No matter what you end up finding, taking the time to examine your strategies will help you better optimize your tactics, manage your budget, and feel confident that you’re headed in the right direction.

Caroline Cox

Caroline Cox

Caroline is HawkSEM's content marketing manager. She uses her more than 10 years of professional writing and editing experience to create SEO-friendly articles, educational thought leadership pieces, and savvy social media content to help market leaders create successful digital marketing strategies. She's a fan of seltzer water, print magazines, and huskies.

Questions or comments? Join the conversation here!

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Written by Sam Yadegar on Jan 4, 2021

Companies all over the world have to adjust to the new reality — which could mean rethinking current search engine marketing (SEM) strategies.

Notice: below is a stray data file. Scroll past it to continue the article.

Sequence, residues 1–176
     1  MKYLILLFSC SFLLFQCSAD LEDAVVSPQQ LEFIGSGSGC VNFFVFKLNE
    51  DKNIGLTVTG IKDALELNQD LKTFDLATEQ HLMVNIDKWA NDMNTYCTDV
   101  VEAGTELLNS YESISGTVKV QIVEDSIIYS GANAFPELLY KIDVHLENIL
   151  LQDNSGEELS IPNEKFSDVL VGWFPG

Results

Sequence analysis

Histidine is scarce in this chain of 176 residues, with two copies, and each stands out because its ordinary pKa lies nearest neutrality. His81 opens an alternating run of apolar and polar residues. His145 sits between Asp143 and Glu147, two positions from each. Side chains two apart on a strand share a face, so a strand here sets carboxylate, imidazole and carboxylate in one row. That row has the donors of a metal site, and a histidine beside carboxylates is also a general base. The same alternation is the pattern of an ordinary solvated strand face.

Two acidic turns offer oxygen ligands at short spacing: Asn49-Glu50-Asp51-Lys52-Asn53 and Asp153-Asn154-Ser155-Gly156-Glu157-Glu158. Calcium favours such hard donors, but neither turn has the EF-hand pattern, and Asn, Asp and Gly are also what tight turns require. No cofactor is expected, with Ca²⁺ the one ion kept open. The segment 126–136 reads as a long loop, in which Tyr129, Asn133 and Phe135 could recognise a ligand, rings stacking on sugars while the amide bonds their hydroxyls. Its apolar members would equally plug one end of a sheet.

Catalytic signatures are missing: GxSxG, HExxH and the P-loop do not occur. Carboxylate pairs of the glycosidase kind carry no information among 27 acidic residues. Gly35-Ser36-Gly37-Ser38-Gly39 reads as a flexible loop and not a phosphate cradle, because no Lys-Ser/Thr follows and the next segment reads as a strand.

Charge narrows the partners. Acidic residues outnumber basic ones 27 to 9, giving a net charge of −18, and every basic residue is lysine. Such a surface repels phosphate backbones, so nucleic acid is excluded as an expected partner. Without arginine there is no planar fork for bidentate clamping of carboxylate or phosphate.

Here you’ll learn:

  • What Google has in store for search in 2021
  • Which new tools could enhance your SEM
  • The latest standout SEM trends
  • Tips for adjusting your campaigns in the new year

For most businesses, 2020 was a doozy. Between unpredictable sales and changes in customer behavior, many are still working on getting back to normal — the “new normal,” that is.

Meanwhile, the SEM landscape continues changing faster than you can flip calendar pages. Whether you’ve already finalized your marketing plans for 2021 or are scrambling to make it happen now, this is a great time to make sure your paid search plans are set up for success in the new year.

Below, we offer some ways to do just that.